Our family is a bit Type A in a lot of ways. One of the things we love to do together is travel—road trips were a staple event for our kids while growing up. Although we love to catch the scenery along the way, we’re a bit determined to get to our destination so we can enjoy as much time as possible while we’re there so, needless to say, we hit drive-thru lanes and eat in the car. We joke that we were lucky that my husband stopped so we could use the restroom. So when my daughter left yesterday for her first “big girl” job after graduation in San Diego, I had to chuckle when she texted me to grumble about her brother’s friend (who graciously offered to help her drive from Colorado to California) who had to stop every two hours to go into a restaurant, sit down, and eat. I guess you could say that my husband and I created monsters in the area of urgency. When there’s a goal ahead, everyone in our family will steamroll to get there as quickly as possible.
In the book, Leading Change, author John Kotter takes readers through the task of what it takes to implement change within an organization. For those of us in the church, we know all too well that change can be exceptionally challenging. Many church people tend to get set in their ways, like things to remain status quo, and are afraid to risk anything for fear of offending or hurting those we serve. In his eight-step process, Kotter breaks out the first four steps as those that break the ice for people and begin to defrost the hardened status quo. Here are the highlights of these first four steps toward change:
- Establishing a Sense of Urgency: This is a crucial first stop to gain the cooperation you need to implement change within an organization. When you have people who are highly complacent, you have few people interested in working toward change. If urgency is low, it’s tough to put together a team of dedicated and credible leaders who can push for change. Be sure to check out Table 3-1 (p. 63) to consider various ways to raise the urgency level in your ministry so you can begin the process of change.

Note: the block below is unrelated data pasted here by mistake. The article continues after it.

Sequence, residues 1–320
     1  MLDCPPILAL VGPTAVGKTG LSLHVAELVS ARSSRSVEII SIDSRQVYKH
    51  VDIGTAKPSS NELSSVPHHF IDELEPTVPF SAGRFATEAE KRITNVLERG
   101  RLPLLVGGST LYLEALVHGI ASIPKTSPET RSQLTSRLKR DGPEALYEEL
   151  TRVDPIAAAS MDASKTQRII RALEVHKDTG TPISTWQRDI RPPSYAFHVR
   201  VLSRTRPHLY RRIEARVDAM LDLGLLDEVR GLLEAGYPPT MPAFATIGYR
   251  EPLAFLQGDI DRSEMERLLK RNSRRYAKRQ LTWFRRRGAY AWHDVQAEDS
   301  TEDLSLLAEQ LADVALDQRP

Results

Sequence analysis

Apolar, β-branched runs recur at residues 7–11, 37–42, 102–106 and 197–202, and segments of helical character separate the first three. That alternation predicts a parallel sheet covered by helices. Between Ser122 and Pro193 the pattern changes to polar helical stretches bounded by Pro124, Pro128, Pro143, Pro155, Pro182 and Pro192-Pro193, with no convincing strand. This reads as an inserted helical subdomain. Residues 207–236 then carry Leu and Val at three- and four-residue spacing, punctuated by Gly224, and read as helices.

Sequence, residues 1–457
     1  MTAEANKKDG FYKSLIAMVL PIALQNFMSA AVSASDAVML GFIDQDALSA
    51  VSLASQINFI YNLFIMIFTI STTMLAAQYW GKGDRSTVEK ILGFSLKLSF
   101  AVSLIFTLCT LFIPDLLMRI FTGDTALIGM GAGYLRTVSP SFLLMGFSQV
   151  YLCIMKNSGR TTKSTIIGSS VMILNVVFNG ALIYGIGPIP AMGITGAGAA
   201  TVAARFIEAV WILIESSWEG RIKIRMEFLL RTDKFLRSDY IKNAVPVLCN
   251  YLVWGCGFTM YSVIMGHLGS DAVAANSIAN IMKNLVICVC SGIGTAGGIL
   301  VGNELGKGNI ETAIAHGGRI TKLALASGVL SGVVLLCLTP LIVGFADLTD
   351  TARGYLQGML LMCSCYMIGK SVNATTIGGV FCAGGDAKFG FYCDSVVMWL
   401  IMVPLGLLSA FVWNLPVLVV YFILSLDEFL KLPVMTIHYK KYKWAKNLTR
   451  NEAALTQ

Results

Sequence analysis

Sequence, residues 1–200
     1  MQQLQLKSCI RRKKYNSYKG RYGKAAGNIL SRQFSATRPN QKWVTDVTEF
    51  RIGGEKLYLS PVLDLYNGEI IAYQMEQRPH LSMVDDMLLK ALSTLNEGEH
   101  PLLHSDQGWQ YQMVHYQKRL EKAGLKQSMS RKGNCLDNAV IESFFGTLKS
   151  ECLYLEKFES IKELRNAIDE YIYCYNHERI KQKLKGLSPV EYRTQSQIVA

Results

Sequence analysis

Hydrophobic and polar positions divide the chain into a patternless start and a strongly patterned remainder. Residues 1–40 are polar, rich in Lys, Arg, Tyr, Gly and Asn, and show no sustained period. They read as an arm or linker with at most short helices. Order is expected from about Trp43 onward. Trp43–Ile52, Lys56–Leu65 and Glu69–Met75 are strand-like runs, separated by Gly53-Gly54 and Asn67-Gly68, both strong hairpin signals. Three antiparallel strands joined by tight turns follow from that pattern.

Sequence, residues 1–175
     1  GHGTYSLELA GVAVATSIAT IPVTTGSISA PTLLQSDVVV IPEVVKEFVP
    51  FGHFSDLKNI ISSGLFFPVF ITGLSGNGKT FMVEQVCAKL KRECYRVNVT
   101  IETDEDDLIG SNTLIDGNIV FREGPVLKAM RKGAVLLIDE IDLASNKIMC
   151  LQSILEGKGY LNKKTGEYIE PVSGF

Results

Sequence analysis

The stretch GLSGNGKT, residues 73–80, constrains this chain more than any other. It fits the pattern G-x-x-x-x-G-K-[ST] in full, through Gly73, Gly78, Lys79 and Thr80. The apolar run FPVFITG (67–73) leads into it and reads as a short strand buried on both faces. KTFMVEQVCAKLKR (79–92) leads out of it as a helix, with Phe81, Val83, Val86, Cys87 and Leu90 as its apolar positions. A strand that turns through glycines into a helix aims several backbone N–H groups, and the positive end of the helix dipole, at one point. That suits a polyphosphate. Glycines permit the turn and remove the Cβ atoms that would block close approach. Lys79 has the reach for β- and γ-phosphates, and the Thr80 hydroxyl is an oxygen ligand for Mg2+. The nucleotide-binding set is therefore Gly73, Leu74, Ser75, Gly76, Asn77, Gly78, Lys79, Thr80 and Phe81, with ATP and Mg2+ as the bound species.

- Creating the Guiding Coalition: A strong group of people—those with the right composition, level of trust, and shared objective—are critical for launching a successful change effort. Building a strong team in the early stages will help launch and establish strategies for reaching your goals for change. Study the four key characteristics for effective guiding coalitions on page 79 and avoid individuals who are considered to be snakes or have big egos (see page 83 for more insight on these types of people!).
- Developing a Vision and Strategy: A good vision is a must in the change process. Kotter teaches that vision serves three important purposes in the change process—1) It clarifies the general direction for change, 2) It motivates people to take action in the right direction, and 3) It helps coordinate the actions of different people. Your vision will guide your strategy and give your team focus and purpose. For the characteristics of an effective vision, look to Table 5-1 on page 98.
- Communicating the Change Vision: Getting your vision out to the masses will unleash power for leveraging change in your ministry. Effective communication takes time and energy. Make sure your vision is clear and simple so it’s easy for anyone to understand as well as communicate to others. On page 118, you can review the key elements in establishing effective communication of vision. Remember it’s not just communicating the vision through your words—your actions will speak volumes to the masses you’re trying to reach.
Think On This
What is one thing you’d like to change in your ministry or church? How would you establish the urgency for the change? Who are the key people you would recruit to be on your team? How can you communicate your vision for change to as many people as possible? How will you model the change for others?